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Thursday, November 28, 2013


Yeah, I know: I've been writing about the same topics and avoiding current events. Trouble is, the big current event is Obamacare, about which feelings are very mixed. What can one say about a bad system that deserves to succeed because the alternative is worse? It certainly doesn't help to learn that the administration is delaying the small business health care exchange for a year, although you'd think that conservatives would be fine with that, since private brokers can still enroll those small business employees.

For all of the problems, the poll numbers suggest that millions -- a majority -- feel as I do:
54% of voters are confident the problems with the law will be worked out. And while 58% currently disapprove of the law, 14% of those disapprove because it's not liberal enough. So it's not at all the case that a sizable majority want to go back to the bad old system. Those folks are clearly in the minority.
That 14% figure is about the size I expected. Odd, isn't it, how long we've waited for that number on that key question? (Only 41% think O-care is too liberal.)

Count me among the 14%. Yet Obamacare, bad as it is, must succeed -- for the reasons outlined by Robert Reich:
Our health-care system was a wreck. Ours has been the only health-care system in the world designed to avoid sick people. For-profit insurers have spent billions finding and marketing their policies to healthy people while rejecting people with pre-existing conditions, and routinely dropping coverage of policyholders who become seriously sick or disabled.
If only we could cut the insurers out of the system. Frankly, nearly everything that is wrong with O-care -- programming glitches aside -- traces back to the perceived "need" to accommodate vampires in our circulatory system.

Some of my readers will shout: "Scrap it -- we need full-on socialized health care! Anything else is unworthy of support!" Did I mention that all of fourteen percent of your fellow citizens share your stance?
I find republican politicians who are celebrating all of ObamaCare's initial problems are the biggest screw-ups of all.

Obama did very little to slow down the foreclosure mill that was set up just prior to his getting into office, which means the republican politicians did even less.

For Republican politicians to not get that if they are going allow the ransacking of main street's wealth via unlawful and unethical foreclosures, the least they can do is take some responsibility for the increase in foreclosure stress related physical maladies that do manifest because of the foreclosure issue in this country.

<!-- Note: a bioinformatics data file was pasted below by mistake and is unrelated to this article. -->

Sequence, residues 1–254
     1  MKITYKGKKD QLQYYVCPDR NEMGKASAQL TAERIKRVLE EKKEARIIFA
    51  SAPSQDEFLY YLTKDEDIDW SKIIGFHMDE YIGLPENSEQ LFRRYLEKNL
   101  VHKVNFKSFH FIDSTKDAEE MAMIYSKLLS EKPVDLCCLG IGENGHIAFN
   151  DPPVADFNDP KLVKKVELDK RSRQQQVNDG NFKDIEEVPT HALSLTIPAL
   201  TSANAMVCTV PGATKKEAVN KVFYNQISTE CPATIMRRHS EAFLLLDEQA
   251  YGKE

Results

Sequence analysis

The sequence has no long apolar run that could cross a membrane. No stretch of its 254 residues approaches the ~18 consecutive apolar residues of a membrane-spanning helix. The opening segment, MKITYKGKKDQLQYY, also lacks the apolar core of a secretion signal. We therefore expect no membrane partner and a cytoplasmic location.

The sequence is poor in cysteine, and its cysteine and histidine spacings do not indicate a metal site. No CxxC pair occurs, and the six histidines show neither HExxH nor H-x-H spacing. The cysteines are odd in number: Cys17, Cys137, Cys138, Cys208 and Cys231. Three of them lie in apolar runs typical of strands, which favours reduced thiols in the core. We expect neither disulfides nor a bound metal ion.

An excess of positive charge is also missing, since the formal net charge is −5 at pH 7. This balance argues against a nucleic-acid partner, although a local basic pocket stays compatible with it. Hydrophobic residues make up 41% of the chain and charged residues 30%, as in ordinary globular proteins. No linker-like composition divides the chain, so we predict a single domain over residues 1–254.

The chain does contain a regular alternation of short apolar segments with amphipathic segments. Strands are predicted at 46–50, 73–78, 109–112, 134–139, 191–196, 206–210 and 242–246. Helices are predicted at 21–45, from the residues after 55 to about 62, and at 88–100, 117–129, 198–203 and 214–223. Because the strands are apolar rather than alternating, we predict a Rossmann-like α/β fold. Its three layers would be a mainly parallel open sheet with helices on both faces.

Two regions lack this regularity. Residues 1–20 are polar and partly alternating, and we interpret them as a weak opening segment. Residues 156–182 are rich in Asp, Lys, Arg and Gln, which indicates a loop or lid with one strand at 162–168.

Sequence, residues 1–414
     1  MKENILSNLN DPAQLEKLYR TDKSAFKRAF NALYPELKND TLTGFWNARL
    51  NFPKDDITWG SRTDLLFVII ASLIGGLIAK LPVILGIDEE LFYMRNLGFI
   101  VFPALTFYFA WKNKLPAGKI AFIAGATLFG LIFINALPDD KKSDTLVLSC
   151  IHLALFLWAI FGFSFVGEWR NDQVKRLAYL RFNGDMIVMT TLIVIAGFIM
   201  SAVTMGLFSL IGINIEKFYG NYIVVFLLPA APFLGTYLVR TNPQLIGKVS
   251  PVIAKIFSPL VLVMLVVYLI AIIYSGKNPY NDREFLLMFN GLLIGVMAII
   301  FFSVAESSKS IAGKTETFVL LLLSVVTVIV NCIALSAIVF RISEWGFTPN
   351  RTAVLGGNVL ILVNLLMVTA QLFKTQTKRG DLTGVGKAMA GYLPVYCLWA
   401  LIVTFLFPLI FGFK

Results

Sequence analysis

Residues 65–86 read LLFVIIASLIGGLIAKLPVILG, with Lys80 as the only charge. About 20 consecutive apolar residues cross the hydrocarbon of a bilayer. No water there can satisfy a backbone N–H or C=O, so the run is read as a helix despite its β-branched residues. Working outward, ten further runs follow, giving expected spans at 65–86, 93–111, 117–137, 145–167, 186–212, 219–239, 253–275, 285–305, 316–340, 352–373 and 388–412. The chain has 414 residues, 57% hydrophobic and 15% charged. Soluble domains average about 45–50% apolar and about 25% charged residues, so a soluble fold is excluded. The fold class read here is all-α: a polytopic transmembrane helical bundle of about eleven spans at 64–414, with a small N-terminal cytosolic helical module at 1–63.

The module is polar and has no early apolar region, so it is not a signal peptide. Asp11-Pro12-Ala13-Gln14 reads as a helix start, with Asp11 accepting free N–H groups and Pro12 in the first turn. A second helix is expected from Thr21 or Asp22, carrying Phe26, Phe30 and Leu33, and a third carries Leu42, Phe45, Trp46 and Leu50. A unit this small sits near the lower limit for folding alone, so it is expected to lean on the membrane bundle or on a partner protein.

So the score reads, Obama 0.5 points out of 2, Republicans, 0 out of 2, Obama wins.
I'm gratified but surprised to see you take that attitude, Alessandro. I know that, from the near-beginning, you have been as ticked off as I when it comes to Mr. O.

But...on the issue of health care, one must give a thought to those with pre-existing conditions...
I'm firmly in the 14%. Single payer is the way. Let the insurance parasites get actual jobs doing something worthwhile (yeah, they would probably all end up as pay day lenders since "The Thirst always wins.")
Bob, the problem is this: If there are only 14% of you -- of us -- then we are really involved in yet another one of those "Let's bell the cat!" discussions.
Some of my readers will shout: "Scrap it -- we need full-on socialized health care! Anything else is unworthy of support!" Did I mention that all of fourteen percent of your fellow citizens share your stance?

You must have been half asleep when you wrote that because your rhetorical question is silly.

14% disapprove because it's not left enough. 42% approve. Most of these people approve because Obama and Democrats support it. These people are "sheep-democrats" who would have supported a far more liberal plan had Obama and Democrats offered it.

(44% disapprove for reasons other than it's not left enough. Some of these people hate insurance companies so much they would have supported a public option at least. Many of them like Medicare, they just don't realize that the government runs medicare.

The number who support "an expansion of Medicare to include everyone" would be a lot higher than 14%. Try 65%:

Associated Press - Yahoo — 65% — Dec 2007
— Question ISS14. "The United States should adopt a universal health insurance program in which everyone is covered under a program like Medicare that is run by the government and financed by taxpayers": 65% yes; 34% no; 2% refused
It's not just the insurers that are the probl;em. There are also a fair number of doctors, hospitals, and other providers that are devotees of Ayn Rand.
Anon, You make a good point. I myself have noted that single payer had a majority (poll-wise) at one time, although I think 65% is a bit high. THAT poll was probably an outlier; the ones I've seen were in the low 50s.

But those days are not these days. Since then, we've had incessant propaganda against Obama, against socialism, against the myth of Obama-the-socialist. And we've been told over and over that the "disaster" of O-care proves that gummint can't do anything right.

I don't know what the poll numbers on single payer would be right now, but I'm guessing they'd be below the 40% mark. Maybe just above.

Like it or not, the choice is not between O-care and the plan of your dreams. The choice is between O-care and No-care.

Sorry. I wish it were otherwise.
may be O should increase the polls #s in his favor by telling the Reps and teaparty the truth about the plan that it is actually theirs. He just changed the name. Tell them if u don't believe me just ask Romny
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